Moire: Occurs when screen angles are wrong causing odd patterns in photographs.
Offsetting: Using an intermediate surface used to transfer ink. Also, an unpleasant happening when the images of freshly printed sheets transfer images to each other.
Offset paper: Term for uncoated book paper.
Opacity: The amount of show-through on a printed sheet. The more opacity or the thicker the paper the less show-through. (The thicker/heavier the paper the higher the cost.)
Overrun or overs: Copies printed in excess of the specified quantity. (Printing trade terms allow for + – 10 % to represent a completed order.)
Page count: Total number of pages in a book including blanks.
Perfect bind: A type of binding that glues the edge of sheets to a cover like a telephone book, Microsoft software manual, or Country Living Magazine.
Pica: Unit of measure in typesetting. One pica = 1/6 inch.
Pin register: A standard used to fit film to film and film to plates and plates to press to assure the proper registration of printer colors.
Plate gap: Gripper space. The area where the grippers hold the sheet as it passes through the press.
PMS: The abbreviated name of the Pantone Color Matching System.
Point: For paper, a unit of thickness equaling 1/1000 inch. for typesetting, a unit of height equaling 1/72 inch.
PostScript: The computer language most recognized by printing devices.
Press number: A method of numbering manufacturing business forms or tickets.
Printing Bids: A printing bid is based on planned specifications, normally good for 30 days, may be subject to review and revision upon receipt.
Printing Estimates: Printing estimates are also know as spec bids or budgeting bids or budgeting estimates.
Printing Estimates: A printing estimate is based on planned, but not firm, specifications that shall subject to change and requote prior to submission to the printer.
Printing Quotes: A firm printing price based on final art or digital files, price good for 10 days, and shall be subject to review thereafter.
Pressure-sensitive paper: Paper material with self sticking adhesive covered by a backing sheet.
Process blue: The blue or cyan color in process printing.
Process colors: Cyan (blue), magenta (process red), yellow (process yellow), black (process black).
Ragged left: Type that is justified to the right margin and the line lengths vary on the left.
Ragged right: Type that is justified to the left margin and the line lengths vary on the right.
Ream: Five hundred sheets of paper.
Recto: Right-hand page of an open book.
Reflective copy: Copy that is not transparent.
Register: To position print in the proper position in relation to the edge of the sheet and to other printing on the same sheet.
Register marks: Cross-hair lines or marks on film, plates, and paper that guide strippers, platemakers, pressmen, and bindery personnel in processing a print order from start to finish.
Reverse: The opposite of what you see. Printing the background of an image. For example; type your name on a piece of paper. The reverse of this would be a black piece of paper with a white name.
Rip: A method of making printing plates from PostScript files created by desktop publishing.
Saddle stitch: Binding a booklet or magazine with staples in the seam where it folds.
Scanner: Device used to make color separations, halftones, duo tones and tri tones. Also a device used to scan art, pictures or drawings in desktop publishing.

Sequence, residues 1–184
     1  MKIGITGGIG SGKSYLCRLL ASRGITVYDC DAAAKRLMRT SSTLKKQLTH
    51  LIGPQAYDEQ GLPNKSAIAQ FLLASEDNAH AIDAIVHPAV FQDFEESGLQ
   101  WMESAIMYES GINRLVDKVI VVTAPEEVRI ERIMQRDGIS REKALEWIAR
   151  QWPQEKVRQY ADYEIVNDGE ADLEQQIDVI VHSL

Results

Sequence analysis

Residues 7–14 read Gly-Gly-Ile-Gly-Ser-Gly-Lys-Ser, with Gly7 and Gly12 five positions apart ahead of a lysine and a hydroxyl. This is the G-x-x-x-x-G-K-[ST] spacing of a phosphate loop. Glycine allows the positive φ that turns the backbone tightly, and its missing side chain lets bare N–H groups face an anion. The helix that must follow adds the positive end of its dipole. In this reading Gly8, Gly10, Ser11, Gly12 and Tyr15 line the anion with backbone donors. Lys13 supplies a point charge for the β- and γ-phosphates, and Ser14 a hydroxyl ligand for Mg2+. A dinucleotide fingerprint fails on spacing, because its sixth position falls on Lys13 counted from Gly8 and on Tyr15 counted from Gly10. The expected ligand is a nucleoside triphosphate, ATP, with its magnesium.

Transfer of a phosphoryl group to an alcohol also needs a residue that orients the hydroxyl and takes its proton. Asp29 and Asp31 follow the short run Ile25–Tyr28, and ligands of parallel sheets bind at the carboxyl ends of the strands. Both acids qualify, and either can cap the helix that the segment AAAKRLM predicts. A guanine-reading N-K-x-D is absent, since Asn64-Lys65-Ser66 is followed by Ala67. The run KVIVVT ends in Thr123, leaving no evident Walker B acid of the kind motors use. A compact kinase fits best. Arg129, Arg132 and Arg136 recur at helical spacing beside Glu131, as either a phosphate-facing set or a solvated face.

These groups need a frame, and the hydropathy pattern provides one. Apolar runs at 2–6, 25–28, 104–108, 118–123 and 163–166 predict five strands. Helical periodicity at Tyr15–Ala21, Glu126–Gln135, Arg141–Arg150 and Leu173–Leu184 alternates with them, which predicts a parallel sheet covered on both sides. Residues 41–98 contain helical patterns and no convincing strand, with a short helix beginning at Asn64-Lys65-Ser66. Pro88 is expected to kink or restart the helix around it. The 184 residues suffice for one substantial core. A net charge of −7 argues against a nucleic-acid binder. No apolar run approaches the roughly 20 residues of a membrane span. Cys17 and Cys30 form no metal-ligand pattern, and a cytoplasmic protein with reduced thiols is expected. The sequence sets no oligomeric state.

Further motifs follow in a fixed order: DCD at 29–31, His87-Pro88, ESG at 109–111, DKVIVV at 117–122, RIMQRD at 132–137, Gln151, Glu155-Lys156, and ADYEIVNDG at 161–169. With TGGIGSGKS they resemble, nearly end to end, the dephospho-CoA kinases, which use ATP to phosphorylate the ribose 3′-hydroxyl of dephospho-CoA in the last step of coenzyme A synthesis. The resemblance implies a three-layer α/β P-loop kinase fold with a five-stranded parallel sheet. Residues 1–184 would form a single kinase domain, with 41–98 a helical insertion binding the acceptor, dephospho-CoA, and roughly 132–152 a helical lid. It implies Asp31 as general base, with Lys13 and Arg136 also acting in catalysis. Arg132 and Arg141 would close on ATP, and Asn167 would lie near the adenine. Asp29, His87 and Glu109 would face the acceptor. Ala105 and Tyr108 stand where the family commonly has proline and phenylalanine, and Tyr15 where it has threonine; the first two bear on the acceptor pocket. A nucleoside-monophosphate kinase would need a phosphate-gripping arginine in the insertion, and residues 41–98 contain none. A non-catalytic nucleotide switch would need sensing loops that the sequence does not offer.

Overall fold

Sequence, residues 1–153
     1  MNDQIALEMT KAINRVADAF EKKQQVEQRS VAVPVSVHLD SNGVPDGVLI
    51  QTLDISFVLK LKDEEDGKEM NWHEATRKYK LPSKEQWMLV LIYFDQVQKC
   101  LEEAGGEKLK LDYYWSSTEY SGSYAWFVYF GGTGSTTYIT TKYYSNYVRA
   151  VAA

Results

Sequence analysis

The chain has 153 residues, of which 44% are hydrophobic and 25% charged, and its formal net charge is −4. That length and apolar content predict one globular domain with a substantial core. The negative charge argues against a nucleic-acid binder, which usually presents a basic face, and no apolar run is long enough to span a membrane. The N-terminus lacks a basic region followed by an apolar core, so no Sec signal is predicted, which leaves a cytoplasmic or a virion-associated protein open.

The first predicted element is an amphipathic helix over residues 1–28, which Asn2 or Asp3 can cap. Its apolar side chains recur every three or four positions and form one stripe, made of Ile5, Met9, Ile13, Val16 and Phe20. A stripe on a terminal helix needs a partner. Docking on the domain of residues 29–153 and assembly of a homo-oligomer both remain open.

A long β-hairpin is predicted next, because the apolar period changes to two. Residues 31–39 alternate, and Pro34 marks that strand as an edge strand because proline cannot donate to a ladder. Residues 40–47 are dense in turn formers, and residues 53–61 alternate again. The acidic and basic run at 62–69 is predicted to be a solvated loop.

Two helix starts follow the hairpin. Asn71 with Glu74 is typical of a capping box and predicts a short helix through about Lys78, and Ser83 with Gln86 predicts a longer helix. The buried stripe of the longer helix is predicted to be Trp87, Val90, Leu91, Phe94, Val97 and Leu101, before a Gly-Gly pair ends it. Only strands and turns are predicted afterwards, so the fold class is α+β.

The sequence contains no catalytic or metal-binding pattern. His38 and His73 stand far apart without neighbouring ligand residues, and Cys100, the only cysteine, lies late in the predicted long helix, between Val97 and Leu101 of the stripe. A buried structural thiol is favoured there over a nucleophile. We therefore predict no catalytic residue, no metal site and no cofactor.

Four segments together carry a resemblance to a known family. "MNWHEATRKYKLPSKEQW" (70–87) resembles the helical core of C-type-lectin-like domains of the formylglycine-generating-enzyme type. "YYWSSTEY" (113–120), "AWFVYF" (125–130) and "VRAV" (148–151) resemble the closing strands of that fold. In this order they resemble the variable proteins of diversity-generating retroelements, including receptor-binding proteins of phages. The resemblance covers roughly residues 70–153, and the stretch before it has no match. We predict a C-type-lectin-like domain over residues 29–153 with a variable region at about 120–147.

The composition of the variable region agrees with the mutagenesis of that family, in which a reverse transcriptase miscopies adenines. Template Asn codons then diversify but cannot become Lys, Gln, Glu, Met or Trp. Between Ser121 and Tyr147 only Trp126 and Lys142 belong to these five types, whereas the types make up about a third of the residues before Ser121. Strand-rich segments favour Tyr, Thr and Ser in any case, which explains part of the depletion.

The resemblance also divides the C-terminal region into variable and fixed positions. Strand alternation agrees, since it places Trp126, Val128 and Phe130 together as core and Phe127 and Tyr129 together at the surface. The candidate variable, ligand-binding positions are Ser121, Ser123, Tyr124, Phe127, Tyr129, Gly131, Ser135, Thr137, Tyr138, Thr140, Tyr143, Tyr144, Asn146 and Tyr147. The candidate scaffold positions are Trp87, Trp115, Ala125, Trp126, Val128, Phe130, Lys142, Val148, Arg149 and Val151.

Score: A crease put on paper to help it fold better.
Self-cover: Using the same paper as the text for the cover.
Shadow: The darkest areas of a photograph.
Show-through: Printing on one side of a sheet that can be seen on the other side of the sheet.
Side guide: The mechanical register unit on a printing press that positions a sheet from the side.
Side stitch: Binding by stapling along one side of a sheet.
Signature (Sig): A sheet of printed pages which when folded become a part of a book or publication.
Silhouette halftone: A term used for an outline halftone.
Skid: A pallet used for a pile of cut sheets.
Specifications: A precise description of a print order.
Spine: The binding edge of a book or publication.
Spoilage: Planned paper waste for all printing operations.
Stock: The material to be printed.
Substance weight: A term of basis weight when referring to bond papers.
Substrate: Any surface on which printing is done.
Text paper: Grades of uncoated paper with textured surfaces.
Tints: A shade of a single color or combined colors.
Transparency: A positive photographic slide on film allowing light to pass through.
Transparent copy: A film that light must pass through for it to be seen or reproduced.
Trapping: The ability to print one ink over the other.
Trim marks: Similar to crop or register marks. These marks show where to trim the printed sheet.
Trim size: The final size of one printed image after the last trim is made.
Under-run: Production of fewer copies than ordered. See over run.
Up: Printing two or three up means printing multiple copies of the same image on the same sheet.
UV coating: Liquid laminate bonded and cured with ultraviolet light. Environmentally friendly.
Varnish: A clear liquid applied to printed surfaces for looks and protection. (UV coating looks better.)
Verso: The left hand page of an open book.
Vignette halftone: A halftone whose background gradually fades to white.
Washup: Removing printing ink from a press, washing the rollers and blanket. Certain ink colors require multiple washups to avoid ink and chemical contamination.
Waste: A term for planned spoilage.
Watermark: A distinctive design created in paper at the time of manufacture that can be easily seen by holding the paper up to a light.
Web: A roll of printing paper.
Web press: The name of a type of presses that print from rolls of paper.
With the grain: Folding or feeding paper into the press or folder parallel to the grain of the paper.